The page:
Moreover, the robots that Supervisor employs (or at least two of them) have their own personalities too. ECU has a character of a “hyperactive poodle” and will express unusual joy at being given orders to work and repair something. Hell, he might even try to “repair” other humans if you don’t restrain it (with the exception of Erika to whom it apparently has almost romantic feelings). The most interesting robot, however, is DRU, who has a personality of a philosopher and will constantly spew forward almost Sartrian existential lines. Oh, and let's not forget the Life Support System that is an absolute lark. Its psychiatric programming is priceless and I expected any time for it to start asking our protagonist about his mother. :-)
Quis custodiet ipsos custodes?
But let’s not dilly-dally and introduce the girls and let me tell you, that even though both Supervisor and the girls are greatly changed by their association and collaboration, there is no romance within this game, which is really refreshing.

So, without further ado – Minako. Minako is a hotheaded socialist revolutionary that strives to liberate the people of Bluetide from what she considers an evil dictatorship of machines; all she’s missing is a Che Guevara T-shirt. Minako really hates machines and is wont to attack them on sight. Despite being slightly crazy, she is probably my favourite character of the bunch with great character depth behind her.

Erika is a resident mad genius, who is reviled by almost everyone and called a derogatory moniker “spark”. I really liked her own route, which shows that despite being treated almost like machine by everyone, she is a very human character with her own joys and sorrows. Not to mention, that she is probably the sanest person in the bunch. It’s really a shame that during the other girls’ routes she acts like a bitch and tries to put sticks into your wheels.

Sachiko wants power. That is her defining characteristic. She is wont to blackmail, extort and bribe her way through any obstacle in her way for more power and failing that to eliminate the obstacle. She is your resident anti-villain that is likely to stab you in the back if you don’t manage to get her trust. I didn’t like her very much, but must applaud the writer for managing to inject sympathetic traits into her.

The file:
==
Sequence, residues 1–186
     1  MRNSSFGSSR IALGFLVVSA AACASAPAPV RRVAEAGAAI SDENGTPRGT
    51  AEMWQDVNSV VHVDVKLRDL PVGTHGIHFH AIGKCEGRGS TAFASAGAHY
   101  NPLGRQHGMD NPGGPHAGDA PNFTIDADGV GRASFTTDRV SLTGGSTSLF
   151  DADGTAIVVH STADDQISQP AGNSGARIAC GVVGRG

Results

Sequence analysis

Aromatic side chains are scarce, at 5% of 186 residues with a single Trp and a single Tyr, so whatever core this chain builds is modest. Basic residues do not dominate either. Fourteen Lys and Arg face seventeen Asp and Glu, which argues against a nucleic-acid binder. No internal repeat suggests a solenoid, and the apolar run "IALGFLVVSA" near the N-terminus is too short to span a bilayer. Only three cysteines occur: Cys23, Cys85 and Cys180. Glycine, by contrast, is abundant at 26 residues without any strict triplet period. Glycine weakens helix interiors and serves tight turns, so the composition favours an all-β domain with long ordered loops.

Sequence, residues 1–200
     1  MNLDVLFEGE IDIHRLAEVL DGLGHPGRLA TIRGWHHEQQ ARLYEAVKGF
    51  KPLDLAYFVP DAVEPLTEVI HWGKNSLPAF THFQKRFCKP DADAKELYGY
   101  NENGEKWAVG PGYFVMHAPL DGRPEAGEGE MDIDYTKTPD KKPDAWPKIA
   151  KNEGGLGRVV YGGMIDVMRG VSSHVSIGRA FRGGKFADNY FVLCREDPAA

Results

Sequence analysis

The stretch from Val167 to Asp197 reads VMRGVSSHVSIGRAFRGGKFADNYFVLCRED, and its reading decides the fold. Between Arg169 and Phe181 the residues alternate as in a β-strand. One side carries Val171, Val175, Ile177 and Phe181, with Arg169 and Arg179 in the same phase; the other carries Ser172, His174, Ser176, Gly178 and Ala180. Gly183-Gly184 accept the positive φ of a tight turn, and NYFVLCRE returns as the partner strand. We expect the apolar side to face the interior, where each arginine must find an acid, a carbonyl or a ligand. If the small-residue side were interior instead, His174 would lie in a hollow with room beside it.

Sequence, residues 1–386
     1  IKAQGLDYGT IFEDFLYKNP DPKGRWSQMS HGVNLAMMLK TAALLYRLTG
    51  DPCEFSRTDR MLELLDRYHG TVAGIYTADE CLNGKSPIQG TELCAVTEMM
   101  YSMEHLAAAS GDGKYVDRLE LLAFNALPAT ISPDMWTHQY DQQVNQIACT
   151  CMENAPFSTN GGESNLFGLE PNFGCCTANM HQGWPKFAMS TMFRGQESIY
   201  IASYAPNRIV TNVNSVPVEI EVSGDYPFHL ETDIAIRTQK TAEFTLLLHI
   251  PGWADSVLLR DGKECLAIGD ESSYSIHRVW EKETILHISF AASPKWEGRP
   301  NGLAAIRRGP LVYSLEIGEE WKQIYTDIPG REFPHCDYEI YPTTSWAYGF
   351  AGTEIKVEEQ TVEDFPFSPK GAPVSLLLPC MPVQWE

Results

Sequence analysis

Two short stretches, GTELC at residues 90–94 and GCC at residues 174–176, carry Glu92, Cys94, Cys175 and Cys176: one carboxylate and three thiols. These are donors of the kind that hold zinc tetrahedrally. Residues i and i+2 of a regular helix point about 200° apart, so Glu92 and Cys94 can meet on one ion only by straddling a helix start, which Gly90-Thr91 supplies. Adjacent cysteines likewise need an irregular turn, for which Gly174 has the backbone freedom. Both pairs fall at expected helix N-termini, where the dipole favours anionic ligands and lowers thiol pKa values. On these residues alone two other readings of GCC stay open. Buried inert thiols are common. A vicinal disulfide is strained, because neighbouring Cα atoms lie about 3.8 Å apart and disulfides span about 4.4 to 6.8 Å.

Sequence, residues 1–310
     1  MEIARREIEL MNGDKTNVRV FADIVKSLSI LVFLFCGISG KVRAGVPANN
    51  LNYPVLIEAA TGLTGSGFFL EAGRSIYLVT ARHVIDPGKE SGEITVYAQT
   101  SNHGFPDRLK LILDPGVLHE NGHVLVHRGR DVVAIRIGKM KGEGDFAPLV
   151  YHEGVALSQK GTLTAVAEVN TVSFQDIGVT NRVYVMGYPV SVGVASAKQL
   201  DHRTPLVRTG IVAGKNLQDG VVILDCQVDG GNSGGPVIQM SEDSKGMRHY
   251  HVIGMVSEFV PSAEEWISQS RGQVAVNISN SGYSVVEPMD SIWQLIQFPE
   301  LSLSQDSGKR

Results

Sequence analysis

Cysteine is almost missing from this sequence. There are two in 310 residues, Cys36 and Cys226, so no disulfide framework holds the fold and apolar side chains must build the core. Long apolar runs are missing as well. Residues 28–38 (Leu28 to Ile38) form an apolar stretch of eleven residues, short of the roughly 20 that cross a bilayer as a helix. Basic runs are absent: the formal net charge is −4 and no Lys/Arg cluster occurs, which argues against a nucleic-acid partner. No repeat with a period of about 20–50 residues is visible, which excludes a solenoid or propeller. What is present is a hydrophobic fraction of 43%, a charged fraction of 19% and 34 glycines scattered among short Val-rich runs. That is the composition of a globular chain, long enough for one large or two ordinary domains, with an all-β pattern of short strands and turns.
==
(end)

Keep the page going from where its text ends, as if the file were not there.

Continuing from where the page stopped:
P.S. I really cannot understand why she did what she did in Ending 5, even taking the final ending into account. That appears to contradict all of her behaviour up until that point.

Hinami is… strange. She spends her days talking to seaweed and listening to fish. She is also really adorable, just gushing optimism and good-naturedness. The author calls ECU a "hyperactive poodle" in the guide, but that description is most apt when talking about Hinami. She is probably my second favourite character, which is strange because I didn't like her until I actually entered her route.
Valve copyright infringement notice in 3... 2... 1...
The most impressive thing is that “Adrift” is what VNDB calls a “multiple route mystery”. Every ending reveals just a little bit of overreaching truth, but in order to see the whole picture you have to finish the game 100% and get the final 16th ending that explains it. And let me tell you, that I didn't see the twist coming. I am well aware about the hurdles that need to be overcome to keep a consistent plot betwixt various routes and not create contradictions among even smallest details. It's impressive that I didn't notice any inconsistencies that appear even in many commercial novels. The only thing that disturbed me was the above mentioned WTF factor in Ending 5.
P.S. I wonder if I encountered an oversight. If timestamp is supposed to represent the year and the present year in the game is supposed to be 2427, then how can Minako's birth date be 2383? She doesn't look that old.